Lahja Nashuuta Windhoek-The First Lady, Monica Geingos, has urged the ministry of education to change its budgeting model by allocating more resources towards Early Childhood Development (ECD) programmes to ensure that no Namibian child is left behind. Addressing the national Integrated Early Childhood Development Conference yesterday, Geingos expressed concern over the funding imbalances within the ministry saying the two percent of the total budget allocated to ECD is not sufficient to expand the programme coverage as well as to tackle the challenges that ECD faces. Representatives from the education sector, civil organisations and international organisations gathered at the NamPower Convention Centre the three-day conference. “We need to prioritise the education budget to fit our needs. The main challenge in the education sector is with early childhood development, which is the foundation and that’s where we need to focus our resources. The moment we have a strong foundation, it will be easier for the transition from primary education to secondary education and to tertiary education,” she said. She said the challenges facing formal education such as higher dropout, teenage pregnancies and higher failures as well as gender-based violence and other social ills can only be overcome if the country allows young people a perfect start to life. The Ministry of Education Arts and Culture in collaboration with the Ministry of Gender Equality and Child Welfare as well as the Ministry of Health and Social services and development partners are meeting in Windhoek to map out strategies to promote early childhood development in the country. Speaking at the same event, the Minister of Education, Arts and Culture, Katrina Hanse-Himarwa, acknowledged the significance of investing in early childhood development, saying although it was rewarding to create a society that is healthier and more equitable, investment in early childhood development remains insufficient. Hanse-Himarwa revealed that the ministry has been prioritising pre-primary education for the past year. She said in 2017, N$52 million was allocated proportionally to all the regions towards the expansion of access to pre-primary education. In addition, close to N$2 million was allocated for resources, and teaching and learning support materials for special schools. However, in order to ensure a smooth transition from ECD to pre-primary and Grade 1, more still needs to be done to ensure that no children are left behind. “We need to close the gap in our service provision with respect to quality and access. While the access expanded from 17 000 in 2011/2012 to more than 40 000, more effort is still needed for the country to meet its 80 percent target by 2022,” she stated. In order to achieve the target, Hanse-Himarwa called on the private sector and international development partners to come on board, as government cannot achieve such a goal on its own.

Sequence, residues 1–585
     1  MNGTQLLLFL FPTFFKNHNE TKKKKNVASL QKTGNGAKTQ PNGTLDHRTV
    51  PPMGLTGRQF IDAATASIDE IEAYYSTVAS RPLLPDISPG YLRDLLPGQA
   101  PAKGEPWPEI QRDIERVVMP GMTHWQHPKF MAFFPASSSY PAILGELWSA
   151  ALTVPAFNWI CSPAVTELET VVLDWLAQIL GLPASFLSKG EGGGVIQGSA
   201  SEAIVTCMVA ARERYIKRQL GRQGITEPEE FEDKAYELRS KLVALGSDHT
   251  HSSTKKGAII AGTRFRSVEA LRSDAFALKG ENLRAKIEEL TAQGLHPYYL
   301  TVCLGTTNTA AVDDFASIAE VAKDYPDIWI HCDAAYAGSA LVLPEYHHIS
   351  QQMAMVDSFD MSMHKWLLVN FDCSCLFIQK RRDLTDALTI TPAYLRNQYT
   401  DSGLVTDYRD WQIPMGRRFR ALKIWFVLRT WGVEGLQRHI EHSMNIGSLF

New Era Reporter
2018-02-20 09:00:37 1 years ago